Anthocyanins… A Blueberry’s Antioxidant Star! Featured / Nutrition

Blueberries are known to be a nutritional powerhouse because of their high levels of nutrients like dietary fiber, manganese and vitamin K, with just 80 calories per 1-cup serving.  But did you know that they are also one of the top sources of powerful antioxidants known as anthocyanins?  Scientists around the world have been investigating blueberries, largely because of their anthocyanin content, for their disease-fighting potential… and the quantity of research is growing by leaps and bounds!

The word anthocyanin comes from the Greek terms anthos (flower) and kuanos (blue).  Anthocyanins give fruits and vegetables such as blueberries, strawberries, blackberries, purple corn, red cabbage, red onions and eggplants the beautiful red-orange to blue-purple hues.  Aside from the attractive aesthetics, anthocyanins have been shown to exhibit beneficial effects on brain and eye health, prevention of cardiovascular disease, and protection from certain types of cancer.  This is largely due to their antioxidant and/or anti-inflammatory properties.

Antioxidants simply play a game of cops and robbers in your body, where the cops (antioxidants) can keep the robbers (free radicals) at bay to ensure peace in your body.  Anthocyanins are kind of like the chief of police!

Our newest research shows that higher intakes of anthocyanins equivalent what is present in to 1- to 2-cups of blueberries per day can help lower your LDL or “bad” cholesterol, thus improving heart health (click here).  New research out of the United Kingdom shows that children consuming higher levels of anthocyanins from blueberries preform better on cognitive tasks.  Similar findings have been shown on working memory in older adults.  Research suggests that anthocyanins have the potential to effect health by decreasing inflammation, preventing oxidation of lipids (which causes plaques to form), and improving blood flow to all parts of the body, including the brain.  Low-grade chronic inflammation caused by the typical American diet is a primary mechanism that has been attributed too many chronic diseases and can be controlled by the anthocyanins “health police.”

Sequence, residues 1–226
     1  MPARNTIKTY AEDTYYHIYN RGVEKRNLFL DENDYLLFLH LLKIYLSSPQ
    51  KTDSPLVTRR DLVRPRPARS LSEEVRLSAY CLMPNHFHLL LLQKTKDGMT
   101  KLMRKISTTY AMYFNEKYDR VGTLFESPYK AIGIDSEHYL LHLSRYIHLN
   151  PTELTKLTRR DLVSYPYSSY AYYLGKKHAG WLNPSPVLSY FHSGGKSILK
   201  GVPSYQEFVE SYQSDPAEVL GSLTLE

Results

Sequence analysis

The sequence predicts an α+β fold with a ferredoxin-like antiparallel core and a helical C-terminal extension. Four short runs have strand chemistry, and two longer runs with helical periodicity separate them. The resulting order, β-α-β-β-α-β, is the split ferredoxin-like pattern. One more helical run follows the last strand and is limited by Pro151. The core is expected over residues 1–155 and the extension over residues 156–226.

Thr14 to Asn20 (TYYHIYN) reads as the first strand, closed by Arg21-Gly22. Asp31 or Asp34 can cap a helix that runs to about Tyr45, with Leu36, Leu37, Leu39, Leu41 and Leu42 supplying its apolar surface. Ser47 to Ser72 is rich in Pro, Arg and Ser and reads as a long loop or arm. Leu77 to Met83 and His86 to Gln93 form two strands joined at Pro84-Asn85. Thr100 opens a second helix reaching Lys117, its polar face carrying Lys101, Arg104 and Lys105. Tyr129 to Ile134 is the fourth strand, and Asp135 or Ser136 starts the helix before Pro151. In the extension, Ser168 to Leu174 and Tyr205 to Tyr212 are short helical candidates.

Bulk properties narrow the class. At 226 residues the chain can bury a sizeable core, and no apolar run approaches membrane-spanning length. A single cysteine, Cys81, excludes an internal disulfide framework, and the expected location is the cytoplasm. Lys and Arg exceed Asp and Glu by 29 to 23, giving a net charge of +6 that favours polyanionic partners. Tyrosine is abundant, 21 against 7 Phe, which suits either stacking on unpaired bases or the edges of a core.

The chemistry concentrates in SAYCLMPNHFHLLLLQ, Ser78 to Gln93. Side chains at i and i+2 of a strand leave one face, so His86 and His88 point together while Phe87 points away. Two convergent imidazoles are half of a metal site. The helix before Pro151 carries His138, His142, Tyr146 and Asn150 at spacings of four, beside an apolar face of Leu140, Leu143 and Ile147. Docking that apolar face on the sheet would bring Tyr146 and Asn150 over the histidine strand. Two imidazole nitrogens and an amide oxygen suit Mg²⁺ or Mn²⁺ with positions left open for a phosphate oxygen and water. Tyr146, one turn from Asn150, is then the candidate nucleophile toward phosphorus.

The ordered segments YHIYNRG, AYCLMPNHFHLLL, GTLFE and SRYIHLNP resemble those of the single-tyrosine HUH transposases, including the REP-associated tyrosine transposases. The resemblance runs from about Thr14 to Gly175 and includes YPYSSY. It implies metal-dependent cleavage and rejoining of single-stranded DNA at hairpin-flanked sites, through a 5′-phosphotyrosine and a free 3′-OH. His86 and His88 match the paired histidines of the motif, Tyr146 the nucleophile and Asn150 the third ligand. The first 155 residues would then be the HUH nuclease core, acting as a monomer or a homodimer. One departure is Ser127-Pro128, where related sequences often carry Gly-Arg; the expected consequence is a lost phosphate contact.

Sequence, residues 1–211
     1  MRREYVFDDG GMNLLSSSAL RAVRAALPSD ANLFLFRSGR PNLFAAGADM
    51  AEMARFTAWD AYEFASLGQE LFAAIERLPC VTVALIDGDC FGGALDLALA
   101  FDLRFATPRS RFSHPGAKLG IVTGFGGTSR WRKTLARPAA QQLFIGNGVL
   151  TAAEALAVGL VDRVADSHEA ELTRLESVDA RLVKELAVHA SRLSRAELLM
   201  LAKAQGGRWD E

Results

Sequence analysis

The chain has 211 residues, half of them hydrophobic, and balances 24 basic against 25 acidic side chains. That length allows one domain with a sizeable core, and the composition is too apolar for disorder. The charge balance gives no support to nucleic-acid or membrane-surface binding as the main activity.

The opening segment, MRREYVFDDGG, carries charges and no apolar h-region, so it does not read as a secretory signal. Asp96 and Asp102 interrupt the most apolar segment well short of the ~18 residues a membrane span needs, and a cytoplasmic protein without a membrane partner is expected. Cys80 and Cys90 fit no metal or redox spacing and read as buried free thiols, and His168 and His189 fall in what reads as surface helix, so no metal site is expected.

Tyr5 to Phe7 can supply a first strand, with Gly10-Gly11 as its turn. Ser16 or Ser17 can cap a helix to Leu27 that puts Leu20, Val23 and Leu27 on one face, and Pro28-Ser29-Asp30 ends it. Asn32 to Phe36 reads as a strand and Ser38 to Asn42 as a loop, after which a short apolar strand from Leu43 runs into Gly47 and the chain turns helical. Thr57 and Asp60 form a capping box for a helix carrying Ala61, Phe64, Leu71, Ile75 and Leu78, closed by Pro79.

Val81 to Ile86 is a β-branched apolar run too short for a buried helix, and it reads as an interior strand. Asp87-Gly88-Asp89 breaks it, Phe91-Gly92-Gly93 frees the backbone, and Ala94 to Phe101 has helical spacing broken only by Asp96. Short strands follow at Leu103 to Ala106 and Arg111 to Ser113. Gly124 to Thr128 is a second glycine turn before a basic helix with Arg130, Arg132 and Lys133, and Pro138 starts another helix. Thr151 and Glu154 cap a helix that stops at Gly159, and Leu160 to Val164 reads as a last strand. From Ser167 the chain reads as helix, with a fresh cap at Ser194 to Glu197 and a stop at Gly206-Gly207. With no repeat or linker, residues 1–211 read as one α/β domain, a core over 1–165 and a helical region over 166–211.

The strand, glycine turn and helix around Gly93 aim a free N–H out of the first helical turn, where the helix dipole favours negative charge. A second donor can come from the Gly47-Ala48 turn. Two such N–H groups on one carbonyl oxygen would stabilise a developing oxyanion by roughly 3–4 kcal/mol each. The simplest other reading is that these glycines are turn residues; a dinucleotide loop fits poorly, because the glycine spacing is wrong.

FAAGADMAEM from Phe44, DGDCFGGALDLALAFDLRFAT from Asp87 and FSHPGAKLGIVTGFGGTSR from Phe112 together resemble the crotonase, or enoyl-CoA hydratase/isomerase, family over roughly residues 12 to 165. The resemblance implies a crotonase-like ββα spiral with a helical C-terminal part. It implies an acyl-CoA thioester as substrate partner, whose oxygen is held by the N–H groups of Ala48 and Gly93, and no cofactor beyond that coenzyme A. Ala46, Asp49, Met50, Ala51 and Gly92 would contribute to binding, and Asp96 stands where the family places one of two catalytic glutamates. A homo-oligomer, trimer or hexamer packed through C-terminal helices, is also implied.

It is well accepted by scientists that diets rich in colorful fruits and vegetables are linked to health, longevity, and a reduced risk for the development of  many chronic diseases.  A recent report of optimal fruit and vegetable consumption found that if you eat according to U.S. Dietary Guidelines for Americans, your average anthocyanin intake would be about 11 mg/day (enough to offer heart healthy benefits).  One cup of blueberries or blackberries provides almost double this amount.

And get this… frozen blueberries (or just berries in general) are picked ripe and typically contain more nutrients and a higher level of anthocyanins!

You can learn more about the specific disease-associated health effects of anthocyanins by downloading my textbook “Anthocyanins in Health and Disease.”

 


Comments

  1. Dr. Hue Geanus Says: December 29, 2013 at 9:02 pm

    It is important to note that the total anthocyanin content of fruits and vegetables is consumable in juices and not just from consuming raw foods. Specifically, organic fruits and vegetables will yield higher anthocyanin content and acidity over topical and industrialized (including GMO) fruits and vegetables. Thus, visit your local farmers’ market or organic grocery store.

    • Taylor Wallace Says: December 29, 2013 at 9:19 pm

      I fully agree with your comment regarding total anthocyanin content from juice versus whole fruit but disagree in regards to GMO versus non-GMO fruits and vegetables. Anthocyanin content is typically higher among freshly harvested foods versus ones that are picked half ripe and allowed to ripen on a truck. I am not aware of any credible evidence that suggests non-GMO is better. In fact, researchers at Oregon State University have engineered several varieties of fruits to produce higher amounts of anthocyanins because of their known health benefits! Believe it or not, most fruits and veges at the farmers market are GMO as well (that’s not a bad thing). But that’s a hot topic blog to come soon!

Leave a Reply

Your email address will not be published. Required fields are marked *

This site uses Akismet to reduce spam. Learn how your comment data is processed.